String library respecting Unicode

Is there a library in that performs common operations on strings that deal in Unicode characters instead of bytes? For example, I'm looking for functions like trim, find, split, match (a regex), and so on that don't just look at a string as a sequence of bytes. I know I can call the chars() method on a String and then could write those functions myself. But it seems like someone has probably already done that.

There's regex, but its a fairly heavy crate.

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The built-in str type and the standard library String type are Unicode strings, stored in UTF-8. All of the standard string methods like find and trim work on arbitrary Unicode text. For example, trim removes all characters with the Unicode White_Space property, not just ASCII whitespace bytes. And find can match arbitrary Unicode characters or substrings.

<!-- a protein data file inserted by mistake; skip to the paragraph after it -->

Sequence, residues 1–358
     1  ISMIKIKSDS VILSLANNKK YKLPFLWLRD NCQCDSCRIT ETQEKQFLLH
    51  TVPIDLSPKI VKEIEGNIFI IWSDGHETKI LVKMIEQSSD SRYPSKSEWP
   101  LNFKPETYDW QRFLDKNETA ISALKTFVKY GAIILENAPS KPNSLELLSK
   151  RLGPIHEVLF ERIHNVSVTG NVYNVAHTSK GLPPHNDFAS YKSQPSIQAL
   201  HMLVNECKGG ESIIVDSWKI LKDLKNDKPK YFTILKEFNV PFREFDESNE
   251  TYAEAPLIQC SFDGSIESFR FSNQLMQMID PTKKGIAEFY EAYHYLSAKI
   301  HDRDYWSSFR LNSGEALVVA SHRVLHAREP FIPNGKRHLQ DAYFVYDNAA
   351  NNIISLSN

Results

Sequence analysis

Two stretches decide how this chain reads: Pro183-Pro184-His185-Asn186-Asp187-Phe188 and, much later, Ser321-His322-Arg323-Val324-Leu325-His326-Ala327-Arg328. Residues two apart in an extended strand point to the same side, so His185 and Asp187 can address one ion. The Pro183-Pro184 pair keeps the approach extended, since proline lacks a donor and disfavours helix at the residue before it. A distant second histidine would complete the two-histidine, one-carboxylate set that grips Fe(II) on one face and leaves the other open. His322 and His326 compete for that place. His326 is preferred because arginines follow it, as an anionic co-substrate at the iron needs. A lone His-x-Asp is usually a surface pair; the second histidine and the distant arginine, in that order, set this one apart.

Another crate you might find useful is unicode-segmentation, if you need to break strings on grapheme or word boundaries as specified by UAX29.


How would you implement this JavaScript code in Rust?

const s = "January|February|March";
const months = s.split('|'); // ["January", "February", "March"]

like this:

fn main() {
  let s = "January|February|March";
  let months : Vec<&str> = s.split('|').collect();
  println!("{:?}", months);

basically split returns something that's an iterator over references to slices of the original string.

Edit: if you want months to be a Vec<String> instead, use this:

let months : Vec<String> = s.split('|').map(str::to_owned).collect();

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